Learning to Hunt

StoriescroppedYou’ve seen those nature documentaries that feature wild baby animals, following them from birth to independence. Furry and wide-eyed at first, they pull at your heartstrings because you know that they are entirely dependent on their dutiful mothers for survival. Fuzzy little cheetah heads and open, hungry eagle beaks, all desperate and competing for food and safety. We watch from the couch while the story unfolds, capturing important, triumphant moments of the young animals as they learn their lessons of survival and life. We know that some of them will tragically fail while others live to struggle another day. The lessons of each generation are not learned in a vacuum, but are taught so the offspring will someday be able to live on their own, contribute to the tribe, or simply perpetuate the species. This is the natural goal of parenting, to teach the young to survive, ultimately without the parents.

We all start out as these hungry baby birds, these squawking, needy suckling babies, who in our first laborious day will transform our mother into a role of great responsibility to the social order, that of provider, teacher, martyr. Fortunately for us, nature makes children  adorable enough that our mothers – at least most of them – do not abandon us immediately! Instead, they dedicate themselves to teaching us to walk and talk, and eventually to be able to feed ourselves, out of love to us, and perhaps duty to the world. This is the equivalent of teaching us to hunt.

Some of us will make it and others may not. Like our animal brothers and sisters, we grieve our profound losses and move on. As humans we honor those lost in our hearts and keep alive the memories they’ve given us, so that their lives were not in vain.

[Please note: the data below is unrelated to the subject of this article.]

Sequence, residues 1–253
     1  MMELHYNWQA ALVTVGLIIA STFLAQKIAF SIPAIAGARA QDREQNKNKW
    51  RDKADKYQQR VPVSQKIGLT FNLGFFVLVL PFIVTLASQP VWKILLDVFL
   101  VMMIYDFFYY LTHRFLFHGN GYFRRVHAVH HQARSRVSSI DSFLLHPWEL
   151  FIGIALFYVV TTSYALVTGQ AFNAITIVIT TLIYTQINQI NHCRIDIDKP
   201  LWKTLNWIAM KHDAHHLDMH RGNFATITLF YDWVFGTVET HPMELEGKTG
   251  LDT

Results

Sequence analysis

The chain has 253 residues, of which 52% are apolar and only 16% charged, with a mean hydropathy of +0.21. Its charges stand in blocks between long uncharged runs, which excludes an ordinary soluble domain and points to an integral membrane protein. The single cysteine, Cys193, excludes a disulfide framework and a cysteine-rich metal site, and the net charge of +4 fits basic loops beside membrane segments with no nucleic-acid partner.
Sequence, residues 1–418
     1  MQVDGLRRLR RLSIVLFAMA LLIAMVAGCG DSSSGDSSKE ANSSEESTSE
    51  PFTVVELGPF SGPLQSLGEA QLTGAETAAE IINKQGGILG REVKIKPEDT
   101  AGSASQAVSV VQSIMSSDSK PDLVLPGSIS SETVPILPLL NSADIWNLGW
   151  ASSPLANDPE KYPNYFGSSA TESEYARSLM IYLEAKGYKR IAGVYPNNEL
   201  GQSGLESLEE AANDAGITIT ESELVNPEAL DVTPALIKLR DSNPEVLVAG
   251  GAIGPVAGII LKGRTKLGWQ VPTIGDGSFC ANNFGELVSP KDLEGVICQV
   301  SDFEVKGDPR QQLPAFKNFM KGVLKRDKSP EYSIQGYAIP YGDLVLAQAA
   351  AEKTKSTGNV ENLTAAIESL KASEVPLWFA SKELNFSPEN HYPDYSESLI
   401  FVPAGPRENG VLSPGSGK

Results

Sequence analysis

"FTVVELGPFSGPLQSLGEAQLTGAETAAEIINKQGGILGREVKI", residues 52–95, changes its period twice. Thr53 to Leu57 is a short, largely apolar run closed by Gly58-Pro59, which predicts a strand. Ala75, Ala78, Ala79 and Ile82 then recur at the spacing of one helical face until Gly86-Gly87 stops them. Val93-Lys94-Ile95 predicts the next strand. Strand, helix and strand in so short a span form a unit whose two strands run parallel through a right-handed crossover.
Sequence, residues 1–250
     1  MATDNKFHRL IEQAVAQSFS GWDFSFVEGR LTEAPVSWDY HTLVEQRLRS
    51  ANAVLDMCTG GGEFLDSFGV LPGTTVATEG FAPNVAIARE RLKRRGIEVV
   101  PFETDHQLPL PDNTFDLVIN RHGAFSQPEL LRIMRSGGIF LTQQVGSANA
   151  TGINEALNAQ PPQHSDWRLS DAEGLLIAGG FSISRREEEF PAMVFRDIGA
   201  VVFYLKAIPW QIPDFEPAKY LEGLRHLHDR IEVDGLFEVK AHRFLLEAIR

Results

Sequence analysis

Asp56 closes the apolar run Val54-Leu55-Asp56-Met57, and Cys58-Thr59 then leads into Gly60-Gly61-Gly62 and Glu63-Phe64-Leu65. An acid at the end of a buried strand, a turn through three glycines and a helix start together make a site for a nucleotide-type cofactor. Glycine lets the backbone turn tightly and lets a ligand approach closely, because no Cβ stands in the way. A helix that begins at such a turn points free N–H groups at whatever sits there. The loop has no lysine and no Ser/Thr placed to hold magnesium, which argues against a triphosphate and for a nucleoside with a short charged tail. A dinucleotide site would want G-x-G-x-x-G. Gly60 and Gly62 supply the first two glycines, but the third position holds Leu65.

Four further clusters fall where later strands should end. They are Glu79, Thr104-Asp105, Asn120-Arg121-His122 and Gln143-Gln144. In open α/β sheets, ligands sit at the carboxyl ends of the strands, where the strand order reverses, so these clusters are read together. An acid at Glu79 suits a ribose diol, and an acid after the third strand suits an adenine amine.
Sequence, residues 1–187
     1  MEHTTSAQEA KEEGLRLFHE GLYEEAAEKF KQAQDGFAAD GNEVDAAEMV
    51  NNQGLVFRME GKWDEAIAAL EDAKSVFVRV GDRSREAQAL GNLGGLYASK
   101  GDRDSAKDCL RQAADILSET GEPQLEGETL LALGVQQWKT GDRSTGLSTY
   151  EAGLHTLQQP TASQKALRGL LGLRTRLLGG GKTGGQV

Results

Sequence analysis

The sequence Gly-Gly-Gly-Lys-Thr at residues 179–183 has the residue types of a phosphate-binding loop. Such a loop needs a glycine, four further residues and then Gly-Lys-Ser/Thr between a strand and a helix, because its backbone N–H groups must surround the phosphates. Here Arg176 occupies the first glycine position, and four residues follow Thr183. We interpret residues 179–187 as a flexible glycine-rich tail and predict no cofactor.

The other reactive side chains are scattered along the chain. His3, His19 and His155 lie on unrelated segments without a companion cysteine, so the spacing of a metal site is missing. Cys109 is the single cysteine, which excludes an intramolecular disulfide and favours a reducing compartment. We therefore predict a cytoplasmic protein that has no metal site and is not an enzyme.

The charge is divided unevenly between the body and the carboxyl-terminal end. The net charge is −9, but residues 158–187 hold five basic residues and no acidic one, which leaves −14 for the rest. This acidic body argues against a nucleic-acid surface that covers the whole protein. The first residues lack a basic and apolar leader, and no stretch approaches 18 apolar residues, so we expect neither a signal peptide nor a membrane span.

In my own journey as a child, I was jealous of the other kids who seemed to have had more of a childhood, who were encouraged to enjoy their youth and not think too much about survival. They got to go camping and to Disneyland and had lots of sleepovers. Most were sheltered from bills and death and conflict. In contrast, I was most definitely not sheltered, and in fact probably exposed to the seedier side of life earlier than many. Make no mistake, my mom was loving and supportive if I showed any sign of faltering, but she would quickly challenge me to buck up, dust off, and move on. I liken her to a mare nudging me to rise and stand; she knew that my survival would depend on it. Only now can I fully appreciate the gifts of independence won through courage, of strength built on strife, and of wisdom from failure. Of course at the time I thought she was a complete witch.

So, now. It has been eight years since my mother has passed, and every day I hear her voice nudging me, teaching me, reminding me how to hunt. It is painful and yet beautiful, an honor to her life, and the life she has given me. Thank you mom; you have not raised a child, you have raised an adult.

 

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